Emeritus Faculty

S. James Booth, Ph.D., Professor Emeritus

Medical Education
My primary responsibility is the education of medical and pharmacy students in the area of microbiology with a goal to strive to improve our medical students performance on Part 1 of the United States Medical Licensing Examination (USMLE).


Nora M. Chapman, Ph.D., Professor Emeritus

Virology and molecular biology
Dr. Champan's primary research focus is on group B coxsackieviruses and their receptor(s).


Mary C. Haven, M.S., Professor Emeritus

Clinical Chemistry


Sonny L. Johansson, M.D., Ph.D., Professor Emeritus

Urologic Pathology
Dr. Johansson is a surgical and experimental pathologist, specializing in urologic pathology, the pathology of soft tissue and bone tumors, and head and neck pathology. He is internationally recognized expert in morphologic pathology. Dr. Johansson held the first Amelia F. and Austin L. Vickery Jr., Chair in Pathology.

 Jerry W. Jones, M.D. , Professor Emeritus

Surgical Pathology
Dr. Jones is an expert in surgical pathology, microbiology and dematopathology. He was the first board certified forensic pathologist in Nebraska.  Dr. Jones was an excellent teacher.


Charles Kuszynski, Ph.D., Assistant Professor Emeritus

Flow Cytometry
Dr. Kuszynski is an expert in the application of flow cytometry to biological systems, isolation and characterization of adult stem cells, as well as development of model systems for cell transplantation and gene therapy. He is a member of the Nebraska Center for Virology in Lincoln, NE.


James D. Landmark, M.D., Associate Professor Emeritus

Transfusion Medicine
Dr. Landmark is instrumental in our residency and fellowship education as he is a specialist in transfusion medicine and immunohematology and hemolytic disease. He was the former director of the American Red Cross in Nebraska.



Phyllis Muellenberg, M.A., Professor Emeritus

Clinical Laboratory Science and Education


James R. Newland, M.D., Professor Emeritus

Dr. Newland is a specialist in surgical pathology.  He lectures medical students and is involved in faculty development at UNMC.



Steven M. Tracy, Ph.D., Professor Emeritus

Enteroviral molecular biology

My laboratory closed for good in mid-2015 when I retired and became Emeritus.  I no longer conduct bench research.  The primary interest of my laboratory was understanding the biology of a common human enterovirus called coxsackievirus B3.  Since 1987 when I joined the UNMC faculty, the laboratory obtained constant funding from diverse sources and published numerous basic research papers, book chapters, monographs and reviews dealing with the molecular biology, immunology, and pathogenesis of the coxsackie B viruses.  The laboratory was nationally and internationally known and respected and trained numerous students and post-docs. My research, begun in Berkeley in the early1980s, illuminated the role of the group B coxsackieviruses as human disease pathogens and developed these viruses as a valuable virological research system with which to better understand the molecular biology of enteroviruses in general.  The work clarified the role of enteroviruses in the causation of acute myocarditis, a disease of the heart muscle which can be lethal or lead to chronic inflammatory heart disease.  We demonstrated how enteroviruses can either cause or protect mice from type 1 diabetes (T1D), work which indicated that an enterovirus-based vaccine should be able to suppress T1D onset and discussed in depth the concept that modern living in a hygienic environment, so different from past human history, led to the increase in T1D cases in modern times.  My laboratory demonstrated a variety of approaches to stably attenuate the pathogenicity of coxsackieviruses, and by inference all other enteroviruses, work which was hoped would help in the design of safe vaccine strains.  We demonstrated that these viruses could be used as expression vectors as well; a patent to this end was granted. Toward the end of my career, a novel genomic deletional pathway by which enteroviruses can persist as an infection long after the acute infection was cleared by the host immune response was discovered and characterized.  My final work delved into microbiology with the discovery that a common waste molecule, creatinine, is a broadly effective antibacterial agent which kills both Gram positive and negative bacterial species as well as antibiotic-resistant strains such as MRSA.  I maintain ongoing consultative collaborations with colleagues at UNMC as well as at Creighton University and Washburn University.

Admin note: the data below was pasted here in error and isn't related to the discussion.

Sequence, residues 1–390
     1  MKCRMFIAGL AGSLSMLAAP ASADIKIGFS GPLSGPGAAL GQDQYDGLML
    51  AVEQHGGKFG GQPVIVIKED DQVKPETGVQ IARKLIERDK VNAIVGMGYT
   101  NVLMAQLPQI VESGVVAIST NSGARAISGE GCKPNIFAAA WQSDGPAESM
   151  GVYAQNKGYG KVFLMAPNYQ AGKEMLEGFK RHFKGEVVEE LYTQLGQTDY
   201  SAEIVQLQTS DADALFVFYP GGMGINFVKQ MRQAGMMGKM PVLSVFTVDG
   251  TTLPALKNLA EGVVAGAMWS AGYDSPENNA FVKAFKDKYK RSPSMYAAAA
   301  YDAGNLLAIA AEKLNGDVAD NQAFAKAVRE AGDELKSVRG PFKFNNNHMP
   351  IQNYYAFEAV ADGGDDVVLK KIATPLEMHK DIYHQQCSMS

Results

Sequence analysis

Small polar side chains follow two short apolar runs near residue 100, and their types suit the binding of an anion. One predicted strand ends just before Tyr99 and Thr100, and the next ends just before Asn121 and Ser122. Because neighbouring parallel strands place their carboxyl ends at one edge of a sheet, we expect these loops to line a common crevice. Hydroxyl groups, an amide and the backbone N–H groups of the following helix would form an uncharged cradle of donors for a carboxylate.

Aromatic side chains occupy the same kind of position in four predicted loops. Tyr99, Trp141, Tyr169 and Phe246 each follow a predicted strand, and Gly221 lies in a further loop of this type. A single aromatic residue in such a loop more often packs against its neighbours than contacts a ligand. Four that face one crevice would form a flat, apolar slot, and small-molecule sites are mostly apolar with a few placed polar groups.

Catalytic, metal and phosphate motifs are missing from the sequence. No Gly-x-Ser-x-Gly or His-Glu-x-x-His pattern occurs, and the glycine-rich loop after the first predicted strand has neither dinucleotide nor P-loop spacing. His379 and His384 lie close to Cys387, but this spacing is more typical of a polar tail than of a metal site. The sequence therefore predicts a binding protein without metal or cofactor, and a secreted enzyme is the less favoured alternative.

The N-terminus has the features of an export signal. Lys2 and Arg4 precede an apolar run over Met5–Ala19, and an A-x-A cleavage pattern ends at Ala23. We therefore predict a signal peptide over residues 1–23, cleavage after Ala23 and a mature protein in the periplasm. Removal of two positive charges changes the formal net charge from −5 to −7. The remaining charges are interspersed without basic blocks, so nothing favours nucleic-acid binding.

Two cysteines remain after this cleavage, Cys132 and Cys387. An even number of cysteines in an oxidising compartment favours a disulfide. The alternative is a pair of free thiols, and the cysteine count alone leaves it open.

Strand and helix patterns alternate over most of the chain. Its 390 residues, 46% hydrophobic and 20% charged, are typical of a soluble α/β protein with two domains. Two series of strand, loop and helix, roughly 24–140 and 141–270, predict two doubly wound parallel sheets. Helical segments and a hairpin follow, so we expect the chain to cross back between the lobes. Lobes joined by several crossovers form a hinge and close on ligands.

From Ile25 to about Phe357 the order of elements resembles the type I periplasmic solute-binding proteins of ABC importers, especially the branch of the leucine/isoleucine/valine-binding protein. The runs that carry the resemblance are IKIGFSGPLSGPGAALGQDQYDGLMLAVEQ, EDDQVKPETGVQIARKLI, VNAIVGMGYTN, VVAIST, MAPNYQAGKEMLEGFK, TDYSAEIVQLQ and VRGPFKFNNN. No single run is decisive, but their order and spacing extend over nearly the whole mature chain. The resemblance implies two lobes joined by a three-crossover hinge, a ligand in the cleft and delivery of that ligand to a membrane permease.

Visit here for a full list of publications.

The International Patent Application number PCT/US2017/0685056, “ANTIMICROBIAL COMPOSITIONS CONTAINING A SYNERGISTIC COMBINATION OF ACTIVATED CREATININE AND AN IMIDAZOLE ANTIFUNGAL AGENT’ was published on July 05, 2018.  Thomas McDonald, Ph.D., and Steven Tracy, Ph.D., inventors.

 

William W. West, M.D., Professor Emeritus

Anatomic Pathology
Dr. West is a specialist in Pulmonary Pathology, Breast Pathology, Cytopathology, Ophthalmic Pathology, General Clinical Pathology and Clinical Chemistry.



Roberta J. White-Miller, Ph.D., Professor Emeritus